For the second day in a row, the Knesset Finance Committee erupted in chaos over discussions on Finance Minister Yair Lapid’s zero-VAT housing plan. On Thursday, it was clarified that new immigrants, many of whom do not serve because they were older than the draft cut-off of 26 when they made aliya, would also be excluded from it.
“The conversation underlying the law in recent weeks has become a circus, and instead of dealing with the substantive issues, we’re dealing with gimmicks,” Lapid told the Knesset plenum.
The zero-VAT bill, which has been derided by the Bank of Israel, real estate professionals, and the Finance Ministry’s own professional staff as an ineffective measure to lower the cost of housing, would lop off the 18% value- added tax on new apartment purchases from eligible young couples.
Though the discount would give eligible couples a relative price advantage over the rest of the population, economists predict that the flood of new buyers would raise the price for everyone else. As the prices rise, the contractors selling the houses would end up getting a significant chunk of benefit, leaving even the people with the VAT discount with little to no advantage.
“Every day, another economist gets up and says how bad this law is,” said MK Moshe Gafni (United Torah Judaism), a finance committee member.
Lapid has rebuffed criticism by saying that the policy was not in place to please economists.
“The zero-VAT law is not the end, but only the means,” Lapid said. “It is a means through which we want to give young couples from the middle class, those who are burdened, and fought in Gaza in the last operation, the option to buy an apartment in Israel.”
Among the most controversial elements of the bill is a stipulation that only couples who have served in the army or national service are eligible.
As a result, most ultra-Orthodox and Arab citizens will not be able to enjoy the benefit.
Gafni noted that under more inclusive guidelines, the bill could help the ultra-Orthodox buy apartments, but, “with all due respect to the haredim, there is still a country here, and you can’t do something that at the end of the process will cause serious damage to the economy.”
In addition to charges of ineffectiveness and discrimination, the bill also faces opposition for budgetary reasons.
At a cost of roughly NIS 3 billion a year, the policy is forcing concessions from other key areas in the budget, meaning some combination of spending cuts from education, welfare and health or an increase in the deficit, which Bank of Israel Gov. Karnit Flug said could harm Israel’s economy.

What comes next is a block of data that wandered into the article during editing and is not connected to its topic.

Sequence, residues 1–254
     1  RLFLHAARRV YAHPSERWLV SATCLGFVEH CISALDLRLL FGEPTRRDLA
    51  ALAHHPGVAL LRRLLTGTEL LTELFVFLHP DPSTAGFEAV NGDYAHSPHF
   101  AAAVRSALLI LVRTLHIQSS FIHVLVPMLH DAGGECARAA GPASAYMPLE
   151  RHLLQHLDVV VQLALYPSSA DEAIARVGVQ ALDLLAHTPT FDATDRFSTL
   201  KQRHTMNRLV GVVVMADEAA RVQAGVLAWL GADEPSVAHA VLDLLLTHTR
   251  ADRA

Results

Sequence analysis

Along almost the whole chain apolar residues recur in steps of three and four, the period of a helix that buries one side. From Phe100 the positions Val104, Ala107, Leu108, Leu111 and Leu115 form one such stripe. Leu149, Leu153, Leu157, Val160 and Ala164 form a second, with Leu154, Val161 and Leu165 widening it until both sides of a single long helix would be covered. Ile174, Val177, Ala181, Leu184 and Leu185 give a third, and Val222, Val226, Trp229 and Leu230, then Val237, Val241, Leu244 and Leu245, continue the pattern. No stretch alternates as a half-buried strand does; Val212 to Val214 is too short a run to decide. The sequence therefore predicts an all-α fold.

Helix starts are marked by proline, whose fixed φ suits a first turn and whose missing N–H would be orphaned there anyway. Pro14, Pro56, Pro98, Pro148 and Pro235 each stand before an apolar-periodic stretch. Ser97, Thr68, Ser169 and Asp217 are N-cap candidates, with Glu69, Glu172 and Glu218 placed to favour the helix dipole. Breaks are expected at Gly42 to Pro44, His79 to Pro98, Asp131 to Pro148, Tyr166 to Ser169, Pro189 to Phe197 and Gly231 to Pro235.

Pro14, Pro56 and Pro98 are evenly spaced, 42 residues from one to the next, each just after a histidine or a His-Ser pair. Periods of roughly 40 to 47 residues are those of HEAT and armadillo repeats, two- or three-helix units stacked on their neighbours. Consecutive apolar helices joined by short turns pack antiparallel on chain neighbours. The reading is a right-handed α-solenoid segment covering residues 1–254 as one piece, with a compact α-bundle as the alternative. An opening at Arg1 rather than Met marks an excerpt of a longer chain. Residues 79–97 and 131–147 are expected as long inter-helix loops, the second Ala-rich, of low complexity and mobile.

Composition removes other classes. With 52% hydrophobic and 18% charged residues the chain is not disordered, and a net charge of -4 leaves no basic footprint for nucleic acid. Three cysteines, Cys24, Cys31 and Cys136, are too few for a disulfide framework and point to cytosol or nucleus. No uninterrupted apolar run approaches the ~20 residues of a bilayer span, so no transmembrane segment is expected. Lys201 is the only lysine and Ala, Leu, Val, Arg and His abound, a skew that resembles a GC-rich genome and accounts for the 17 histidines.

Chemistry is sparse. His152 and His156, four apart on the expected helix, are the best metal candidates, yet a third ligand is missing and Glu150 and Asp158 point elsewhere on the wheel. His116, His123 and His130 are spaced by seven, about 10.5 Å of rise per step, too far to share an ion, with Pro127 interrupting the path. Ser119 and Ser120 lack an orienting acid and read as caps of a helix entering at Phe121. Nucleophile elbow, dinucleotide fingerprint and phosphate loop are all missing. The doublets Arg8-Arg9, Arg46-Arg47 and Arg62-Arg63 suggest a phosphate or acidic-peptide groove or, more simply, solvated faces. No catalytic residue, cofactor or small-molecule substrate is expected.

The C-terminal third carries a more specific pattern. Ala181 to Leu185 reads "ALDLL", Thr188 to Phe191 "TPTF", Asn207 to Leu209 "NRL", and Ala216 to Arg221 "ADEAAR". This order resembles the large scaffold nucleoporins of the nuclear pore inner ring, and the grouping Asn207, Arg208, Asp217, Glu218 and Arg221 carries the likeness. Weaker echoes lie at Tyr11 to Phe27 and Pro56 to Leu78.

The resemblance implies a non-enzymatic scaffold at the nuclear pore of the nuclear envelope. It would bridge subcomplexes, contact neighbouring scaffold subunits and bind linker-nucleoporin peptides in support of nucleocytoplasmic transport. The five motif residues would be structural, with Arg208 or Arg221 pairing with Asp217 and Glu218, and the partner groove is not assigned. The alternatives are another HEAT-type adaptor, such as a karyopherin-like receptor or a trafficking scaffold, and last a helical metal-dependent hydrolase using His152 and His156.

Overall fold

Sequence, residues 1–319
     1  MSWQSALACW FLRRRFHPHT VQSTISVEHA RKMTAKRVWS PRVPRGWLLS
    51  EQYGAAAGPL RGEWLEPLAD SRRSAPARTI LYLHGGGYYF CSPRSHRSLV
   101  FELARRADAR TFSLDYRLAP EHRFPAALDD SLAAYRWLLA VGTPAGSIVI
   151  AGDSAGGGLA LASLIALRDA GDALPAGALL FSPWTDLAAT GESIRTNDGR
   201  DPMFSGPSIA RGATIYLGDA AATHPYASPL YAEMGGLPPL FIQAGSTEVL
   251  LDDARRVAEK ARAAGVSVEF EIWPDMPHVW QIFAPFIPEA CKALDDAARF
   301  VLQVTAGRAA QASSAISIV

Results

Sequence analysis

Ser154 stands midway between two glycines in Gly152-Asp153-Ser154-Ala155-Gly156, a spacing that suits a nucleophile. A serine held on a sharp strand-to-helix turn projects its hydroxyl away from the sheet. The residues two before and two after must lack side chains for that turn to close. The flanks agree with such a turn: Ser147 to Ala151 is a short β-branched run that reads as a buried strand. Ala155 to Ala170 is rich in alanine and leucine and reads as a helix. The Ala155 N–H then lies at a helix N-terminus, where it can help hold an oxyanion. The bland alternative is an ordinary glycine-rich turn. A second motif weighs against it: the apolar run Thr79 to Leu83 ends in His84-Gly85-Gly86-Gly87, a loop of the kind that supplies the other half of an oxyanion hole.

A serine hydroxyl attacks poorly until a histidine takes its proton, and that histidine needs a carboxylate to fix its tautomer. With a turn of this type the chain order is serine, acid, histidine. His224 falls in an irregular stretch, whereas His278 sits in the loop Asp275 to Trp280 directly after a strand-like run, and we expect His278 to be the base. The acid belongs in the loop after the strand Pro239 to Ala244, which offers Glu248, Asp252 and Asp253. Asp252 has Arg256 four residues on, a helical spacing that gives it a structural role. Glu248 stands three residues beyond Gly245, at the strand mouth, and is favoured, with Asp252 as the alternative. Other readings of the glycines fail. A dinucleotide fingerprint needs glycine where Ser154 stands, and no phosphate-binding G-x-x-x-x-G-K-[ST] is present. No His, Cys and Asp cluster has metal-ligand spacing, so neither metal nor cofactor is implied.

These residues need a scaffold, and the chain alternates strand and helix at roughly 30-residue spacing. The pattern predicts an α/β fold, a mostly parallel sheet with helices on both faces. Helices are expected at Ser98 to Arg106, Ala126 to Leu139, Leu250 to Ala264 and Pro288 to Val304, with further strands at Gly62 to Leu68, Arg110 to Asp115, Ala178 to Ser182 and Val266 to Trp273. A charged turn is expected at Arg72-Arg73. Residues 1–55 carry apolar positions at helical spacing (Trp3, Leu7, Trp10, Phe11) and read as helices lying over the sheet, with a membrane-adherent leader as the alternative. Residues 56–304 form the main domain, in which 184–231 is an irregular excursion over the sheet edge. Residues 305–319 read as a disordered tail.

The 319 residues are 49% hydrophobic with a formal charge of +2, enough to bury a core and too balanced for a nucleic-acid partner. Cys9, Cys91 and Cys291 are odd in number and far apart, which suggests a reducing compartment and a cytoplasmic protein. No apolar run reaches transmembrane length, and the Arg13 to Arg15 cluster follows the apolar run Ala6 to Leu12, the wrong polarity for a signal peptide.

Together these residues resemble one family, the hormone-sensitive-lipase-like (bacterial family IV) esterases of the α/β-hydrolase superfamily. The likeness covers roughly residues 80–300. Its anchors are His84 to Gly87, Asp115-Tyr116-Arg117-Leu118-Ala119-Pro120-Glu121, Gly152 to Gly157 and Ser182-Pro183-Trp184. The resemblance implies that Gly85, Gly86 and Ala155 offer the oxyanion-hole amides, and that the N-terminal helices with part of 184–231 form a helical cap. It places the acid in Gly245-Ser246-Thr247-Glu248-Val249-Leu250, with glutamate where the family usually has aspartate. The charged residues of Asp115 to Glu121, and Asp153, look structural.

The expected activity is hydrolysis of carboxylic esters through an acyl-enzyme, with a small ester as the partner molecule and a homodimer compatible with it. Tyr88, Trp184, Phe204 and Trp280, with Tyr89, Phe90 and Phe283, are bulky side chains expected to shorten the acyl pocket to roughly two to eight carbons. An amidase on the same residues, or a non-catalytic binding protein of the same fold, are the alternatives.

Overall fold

As a comparison point, the government approved a 2% across-the-board spending cut from the 2014 budget (with the exception of defense) to help pay for Operation Protective Edge. That amounted to NIS 1.9b., less than two-thirds the cost of the zero-VAT bill.
Another option to fund the bill would be to raise taxes, but Lapid has vowed not to do so, and on Wednesday said he would not sit in a government that raises taxes. Lapid is set to present the budget to the government next Thursday.
On Wednesday, a group of residents from the South stormed the committee meeting, demanding that their war compensation be discussed first. Though the government has approved a five-year, NIS 1.5b. plan to invest in the South following Operation Protective Edge, it has not yet been sent to the committee for approval.
Labor MK Stav Shaffir said the 0-VAT money was being wasted on a “populist law designed to increase Yesh Atid’s mandates, and all the economists oppose it.
Wouldn’t it be preferable to take that same money and transfer it immediately to the plan to rehabilitate the South?” The Knesset Finance Committee has struggled to pass the embattled policy in the face of fierce opposition from Arab, ultra-Orthodox, and left-wing parties. In the summer session, the opposition managed to weigh the bill down with 2,000 reservations, delaying its approval and obviating the September deadline Lapid had set for getting the policy up and running.
The committee is scheduled to take the law up again on Tuesday and Wednesday of next week, and is set to continue debating it through the Knesset’s recess until all the reservations are addressed, which would pave the way for final passage at the start of the next Knesset session in October.
Lahav Harkov contributed to this report.